Don't worry, nobody can steal your knowledge

Why do I share my knowledge? Well, actually, I don’t. I could not share my knowledge with you, if I wanted. There is no such thing as knowledge transfer. Data and information can be transferred, but not knowledge.

So what is the idea behind behind personal knowledge management and the Seek-Sense-Share framework if knowledge cannot be shared in the first place? For me, PKM is a set of practices I can use to better articulate my knowledge. Seeking information from diverse sources gives me a better chance of seeing a fuller picture of our complex environment. Taking time to put my thoughts into words forces me to reflect and try to make some sense of the divergent voices coming from all over. Sharing the results of this sense-making gives back to the networks from which I drew my information and also provides more feedback loops from a variety of perspectives. It enhances serendipity.

Sharing information and viewing it through our individual filters is the best that we can hope for in terms of knowledge transfer. But not sharing would be much worse. As Luis Suarez writes on a very related post:

To me, since we are all embarked on a lifetime learning experience of what we know, what’s around us, who we are, what we do and why we do it, who we connect with, etc. etc. knowledge sharing is innate to our human nature of wanting to connect and collaborate with others. We, human beings, are social beings, and as such have been bound to share what we know with others, so that our learning curve never becomes flat. On the contrary.

While knowledge cannot really be shared,  our knowledge-making experiences can. Perhaps that is why we love stories. They are a glimpse into others’ knowledge, more nuanced than any other communication medium. Sharing is essential for our own sense-making. So share as much as possible. Nobody can steal your knowledge anyway. But we will all lose, if we don’t share it.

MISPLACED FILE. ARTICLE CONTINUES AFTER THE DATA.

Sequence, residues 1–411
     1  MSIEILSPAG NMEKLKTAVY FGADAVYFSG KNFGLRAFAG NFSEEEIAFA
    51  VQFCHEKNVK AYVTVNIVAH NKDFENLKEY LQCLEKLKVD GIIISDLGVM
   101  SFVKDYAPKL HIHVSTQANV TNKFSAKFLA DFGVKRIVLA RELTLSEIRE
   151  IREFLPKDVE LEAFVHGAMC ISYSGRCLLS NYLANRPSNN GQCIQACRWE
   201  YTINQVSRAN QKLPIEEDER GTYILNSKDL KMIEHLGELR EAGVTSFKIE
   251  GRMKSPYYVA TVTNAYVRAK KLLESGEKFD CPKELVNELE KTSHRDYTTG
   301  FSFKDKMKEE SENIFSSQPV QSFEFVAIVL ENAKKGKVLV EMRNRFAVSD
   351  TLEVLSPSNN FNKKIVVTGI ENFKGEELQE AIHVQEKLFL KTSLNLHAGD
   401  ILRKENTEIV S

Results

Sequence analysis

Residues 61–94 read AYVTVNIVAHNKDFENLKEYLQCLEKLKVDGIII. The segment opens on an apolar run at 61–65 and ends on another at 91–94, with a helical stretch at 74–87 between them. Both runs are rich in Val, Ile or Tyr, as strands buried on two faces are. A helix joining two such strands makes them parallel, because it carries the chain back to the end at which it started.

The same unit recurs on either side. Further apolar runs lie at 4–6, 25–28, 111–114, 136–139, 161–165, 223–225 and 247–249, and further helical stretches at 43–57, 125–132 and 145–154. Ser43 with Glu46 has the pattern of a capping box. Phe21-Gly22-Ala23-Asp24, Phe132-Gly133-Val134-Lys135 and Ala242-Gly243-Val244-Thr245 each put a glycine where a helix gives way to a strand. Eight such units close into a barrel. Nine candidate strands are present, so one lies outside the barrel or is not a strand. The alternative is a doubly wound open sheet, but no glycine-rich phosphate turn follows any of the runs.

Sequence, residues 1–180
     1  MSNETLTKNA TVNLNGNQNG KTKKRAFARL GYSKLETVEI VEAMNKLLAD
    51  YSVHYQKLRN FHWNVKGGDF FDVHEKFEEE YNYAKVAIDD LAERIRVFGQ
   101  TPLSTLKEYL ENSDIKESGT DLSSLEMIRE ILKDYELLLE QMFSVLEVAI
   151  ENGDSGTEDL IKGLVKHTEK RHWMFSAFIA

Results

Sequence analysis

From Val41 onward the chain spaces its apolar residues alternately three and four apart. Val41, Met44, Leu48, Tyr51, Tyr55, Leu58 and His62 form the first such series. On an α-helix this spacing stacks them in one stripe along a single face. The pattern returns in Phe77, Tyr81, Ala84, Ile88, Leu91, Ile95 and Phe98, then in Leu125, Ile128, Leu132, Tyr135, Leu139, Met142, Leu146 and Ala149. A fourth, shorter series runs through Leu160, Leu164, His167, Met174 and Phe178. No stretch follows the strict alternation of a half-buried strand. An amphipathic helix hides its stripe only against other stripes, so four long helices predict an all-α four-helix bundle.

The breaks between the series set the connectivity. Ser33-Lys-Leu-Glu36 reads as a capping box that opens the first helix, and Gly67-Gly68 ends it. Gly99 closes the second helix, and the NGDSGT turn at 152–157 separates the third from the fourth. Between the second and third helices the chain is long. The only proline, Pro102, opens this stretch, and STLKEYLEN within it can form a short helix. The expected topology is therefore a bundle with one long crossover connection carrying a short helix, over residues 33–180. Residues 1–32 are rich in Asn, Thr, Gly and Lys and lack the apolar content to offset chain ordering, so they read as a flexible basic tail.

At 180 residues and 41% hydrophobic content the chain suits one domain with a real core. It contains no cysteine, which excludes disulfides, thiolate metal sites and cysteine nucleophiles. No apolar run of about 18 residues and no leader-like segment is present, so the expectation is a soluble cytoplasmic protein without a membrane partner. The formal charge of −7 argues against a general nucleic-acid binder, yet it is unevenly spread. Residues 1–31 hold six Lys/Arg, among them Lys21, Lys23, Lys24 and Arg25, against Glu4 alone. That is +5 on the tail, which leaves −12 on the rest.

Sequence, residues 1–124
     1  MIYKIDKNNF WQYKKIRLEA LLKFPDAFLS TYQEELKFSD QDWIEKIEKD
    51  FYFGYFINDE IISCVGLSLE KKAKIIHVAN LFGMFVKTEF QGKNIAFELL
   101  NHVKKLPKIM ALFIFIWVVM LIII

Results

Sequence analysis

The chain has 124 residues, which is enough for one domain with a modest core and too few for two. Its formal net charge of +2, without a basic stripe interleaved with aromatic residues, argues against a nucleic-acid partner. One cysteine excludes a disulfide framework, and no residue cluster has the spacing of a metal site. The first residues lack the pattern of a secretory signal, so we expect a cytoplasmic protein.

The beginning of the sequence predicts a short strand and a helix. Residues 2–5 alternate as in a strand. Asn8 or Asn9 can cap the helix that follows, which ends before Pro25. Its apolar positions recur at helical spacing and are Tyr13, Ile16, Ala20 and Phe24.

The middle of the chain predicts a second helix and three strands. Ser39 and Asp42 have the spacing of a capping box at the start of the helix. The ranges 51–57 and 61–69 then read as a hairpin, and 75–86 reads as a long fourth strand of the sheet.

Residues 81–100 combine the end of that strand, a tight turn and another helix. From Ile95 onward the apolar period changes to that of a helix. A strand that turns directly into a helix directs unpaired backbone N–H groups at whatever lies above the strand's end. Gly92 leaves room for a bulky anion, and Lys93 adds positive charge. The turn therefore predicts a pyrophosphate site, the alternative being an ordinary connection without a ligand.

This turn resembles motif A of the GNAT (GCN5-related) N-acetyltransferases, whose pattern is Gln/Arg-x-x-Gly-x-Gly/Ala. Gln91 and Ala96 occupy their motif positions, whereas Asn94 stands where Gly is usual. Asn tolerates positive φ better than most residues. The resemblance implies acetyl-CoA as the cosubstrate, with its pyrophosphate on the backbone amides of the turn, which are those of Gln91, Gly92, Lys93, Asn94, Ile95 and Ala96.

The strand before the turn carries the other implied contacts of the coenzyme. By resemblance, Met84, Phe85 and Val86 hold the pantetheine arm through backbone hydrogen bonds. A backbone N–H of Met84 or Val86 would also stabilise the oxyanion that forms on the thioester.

6 Responses to “Don't worry, nobody can steal your knowledge”

  1. Adam Weisblatt

    Knowledge is like a flame. You can spread it but it is not diminished.

    This is a good distinction. You cannot share knowledge because it is tied to your framework for understanding the world. However like with stories, you can show your framework of understanding (visualization would be one way.) People can adapt their framework of understanding by considering yours and so they will be able to acquire more knowledge.

  2. Lars Hyland

    Adam, I endorse your likening of knowledge to a flame. Makes me think about the literal flame symbolism of the recent Olympics and Paralympics and whether there will be a reframing of mindsets that last beyond the excitement of the event. Closer to home, sharing through storytelling and applied practice is crucial to embedding new learning and behaviours. In corporates, if only more managers would adopt this frame of thinking then a major obstacle to innovation and change would be removed.

    In the past, I’ve reflected on how the maxim Knowledge Equals Power has now been eclipsed by Your Network Equals Power Squared, to demonstrate that the traditional practice of hoarding knowledge is counterproductive in a richly interconnected world.

    Howard, thanks for a blog post that caused an enjoyable pause for reflection.

  3. Lovelyn Onyemerekeya

    It was really a delight to read your blog. As the world has become a global village, knowledge sharing has become imperative for the survival of the human race. The knowledge that is hoarded in no time becomes obsolete as there is always in thinking out there. But as people share knowledge they open new vistas and innovations are made.

  4. Doug Pederson AKA SpectateSwamp

    To share knowledge you have to have it cataloged well. Otherwise it’s just dumping data on others.

    My search engine / multimedia player allows me to share knowledge better than anybody.

    Check out:
    “nobody shares knowledge better than this” the thread goes on for 2500+ responses.

    Being able to randomly select a group of LARGE text then Video then more text or pictures makes looking worthwhile.

    Grab a copy of the program at:
    http://www.telusplanet.net/public/stonedan/search.exe

    Put it on a USB stick.

    Move some mpg videos there.

    Change the program to catmydrive.exe and run it. That will catalog the videos.

    Rename another copy of the search.exe to randomseg.exe and run that.
    It will randomly pick a video and a random segment in it. Again and again.

    Change a copy of the program to cagmydrivegolf.exe And run that. It creates a timeline playback where the video plays. Then it starts at 6 seconds from the end, switching to slow motion for the last 3 seconds (the swing)

    By looking at the resultant catalog for the golf option you can see how the timeline playback can be set.

    Never editing video means that there isn’t a ton of clips cluttering things up.

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